Calera PD open house reaches out to individuals with special needs
Published 1:49 pm Wednesday, June 16, 2021
By SCOTT MIMS / Staff Writer
CALERA — As a father of special needs children, Calera Police Chief David Hyche is well aware of the importance of knowing how to communicate with special needs individuals. He wants Calera’s officers to have the same knowledge.
Calera Police and Fire departments hosted an open house Saturday, June 12 with a focus on children and adults with disabilities and their families.
Part of the inspiration for Saturday’s event was Hyche’s adopted daughter, Rachel, who is blind, Hyche said.
“When she was young, I took her to the fire station and had her around police officers and police equipment to get her more comfortable, because my fear was if there was a fire in the house and a firefighter comes in to rescue her and he’s got on all this equipment and this breathing apparatus making this noise that she might run away and be scared,” Hyche explained. “Today, with all of these special needs kids and adults coming to our department, it also educates the officers on what it’s like to interact with people with different needs.”
As part of that effort to further educate officers, Calera P.D. is contracted with KultureCity, an organization that trains first responders on dealing with special needs individuals. Each of Calera’s officers has a kit in his or her patrol vehicle containing different items that could prove beneficial to people with sensory and other needs.
For example, each kit contains a pair of noise-softening earmuffs for hearing-sensitive individuals, as well as cards that enable nonverbal citizens to communicate with officers by pointing at pictures. The department’s patrol vehicles also display a sticker on the back that identifies the officers have been trained by KultureCity and have tools to assist people with sensory issues.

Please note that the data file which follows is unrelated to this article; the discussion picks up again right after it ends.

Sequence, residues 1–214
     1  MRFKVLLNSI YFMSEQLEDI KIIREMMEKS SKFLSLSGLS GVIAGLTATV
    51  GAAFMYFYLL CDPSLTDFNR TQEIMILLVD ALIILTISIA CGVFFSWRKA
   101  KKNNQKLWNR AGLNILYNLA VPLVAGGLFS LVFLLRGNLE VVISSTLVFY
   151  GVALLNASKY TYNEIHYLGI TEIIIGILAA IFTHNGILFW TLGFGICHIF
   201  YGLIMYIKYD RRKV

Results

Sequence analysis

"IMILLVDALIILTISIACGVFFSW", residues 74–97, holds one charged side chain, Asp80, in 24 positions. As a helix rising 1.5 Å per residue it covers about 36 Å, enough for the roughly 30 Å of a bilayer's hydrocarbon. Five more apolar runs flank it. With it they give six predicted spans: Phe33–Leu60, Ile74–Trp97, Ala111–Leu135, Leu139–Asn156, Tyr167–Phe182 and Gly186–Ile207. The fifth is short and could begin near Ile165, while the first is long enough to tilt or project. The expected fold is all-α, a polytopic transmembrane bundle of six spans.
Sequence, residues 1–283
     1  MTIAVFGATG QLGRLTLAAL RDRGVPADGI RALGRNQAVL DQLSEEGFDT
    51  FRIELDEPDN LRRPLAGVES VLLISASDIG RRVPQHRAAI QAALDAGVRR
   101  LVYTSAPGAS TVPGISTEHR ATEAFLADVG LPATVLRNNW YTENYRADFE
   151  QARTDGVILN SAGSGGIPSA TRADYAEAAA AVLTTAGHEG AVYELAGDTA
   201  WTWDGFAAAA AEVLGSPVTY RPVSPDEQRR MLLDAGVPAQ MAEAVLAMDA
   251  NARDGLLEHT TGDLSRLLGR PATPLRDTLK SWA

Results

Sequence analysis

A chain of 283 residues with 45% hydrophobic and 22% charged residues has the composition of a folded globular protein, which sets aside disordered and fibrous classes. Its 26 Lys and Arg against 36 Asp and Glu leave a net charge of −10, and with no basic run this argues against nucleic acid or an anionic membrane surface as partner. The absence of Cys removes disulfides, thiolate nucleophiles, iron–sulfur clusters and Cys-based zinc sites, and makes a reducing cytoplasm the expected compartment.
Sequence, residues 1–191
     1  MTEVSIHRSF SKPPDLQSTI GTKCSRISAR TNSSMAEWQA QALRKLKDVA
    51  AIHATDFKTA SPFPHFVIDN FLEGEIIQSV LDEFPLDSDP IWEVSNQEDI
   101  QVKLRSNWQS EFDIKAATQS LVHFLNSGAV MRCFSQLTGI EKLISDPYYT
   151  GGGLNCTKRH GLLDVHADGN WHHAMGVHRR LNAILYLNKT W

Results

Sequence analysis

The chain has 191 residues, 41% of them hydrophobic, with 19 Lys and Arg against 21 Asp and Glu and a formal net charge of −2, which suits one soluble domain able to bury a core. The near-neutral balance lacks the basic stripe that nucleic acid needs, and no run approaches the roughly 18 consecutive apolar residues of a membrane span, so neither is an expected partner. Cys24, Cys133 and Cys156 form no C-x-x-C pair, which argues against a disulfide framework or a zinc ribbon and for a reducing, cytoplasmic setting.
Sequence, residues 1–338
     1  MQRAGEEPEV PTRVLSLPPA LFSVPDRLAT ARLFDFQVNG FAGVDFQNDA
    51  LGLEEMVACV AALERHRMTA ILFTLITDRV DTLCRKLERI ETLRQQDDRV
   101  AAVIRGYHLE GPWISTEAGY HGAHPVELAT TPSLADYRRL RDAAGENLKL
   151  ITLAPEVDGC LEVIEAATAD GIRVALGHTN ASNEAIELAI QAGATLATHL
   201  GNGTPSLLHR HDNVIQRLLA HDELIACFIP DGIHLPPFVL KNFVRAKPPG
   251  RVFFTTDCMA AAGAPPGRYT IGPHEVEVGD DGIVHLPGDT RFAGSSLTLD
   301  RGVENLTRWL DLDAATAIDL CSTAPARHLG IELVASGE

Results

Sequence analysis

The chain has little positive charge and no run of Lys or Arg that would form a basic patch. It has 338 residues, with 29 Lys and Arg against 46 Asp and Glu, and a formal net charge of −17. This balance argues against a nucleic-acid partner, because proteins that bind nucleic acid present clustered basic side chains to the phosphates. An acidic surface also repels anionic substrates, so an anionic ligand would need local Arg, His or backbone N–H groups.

“They provide a training program. It’s a tested program, and when you complete it there’s a certificate,” Hyche said. “We have a three-year contract with KultureCity, who supplied this to us free of charge. The training teaches our officers the different types of special needs, how to recognize someone that might have special needs, and to avoid a potentially use-of-force situation when it might be avoidable.”
Calera’s staff—not just officers but also dispatchers and office staff—started the training in June and are now 100-percent trained.
“We have a lot of walk-ins at the department; people that walk into the lobby needing assistance,” Hyche said, “The dispatchers are the first line. They’re on the phone with people in crisis, so they’ve had the training as well, and I’m very proud of our folks. We got 100-percent training in a week’s time.”
Rachel Hyche attended the open house with her father and said such events can help make first responders and special needs individuals more comfortable in situations where they encounter each other.
“Speaking as a blind person, I hear a lot of people talking about how they are hesitant to interact with people like police or the fire department,” she said. “People…think that they’ll be discriminated against because of their disability, and I think that doing things like this and making it much more available to learn and showing that these departments are so willing to learn is fantastic because it makes people feel more comfortable, and it shows these kind of people that they are approachable and that they are willing to learn and to figure things out and how to be helpful.”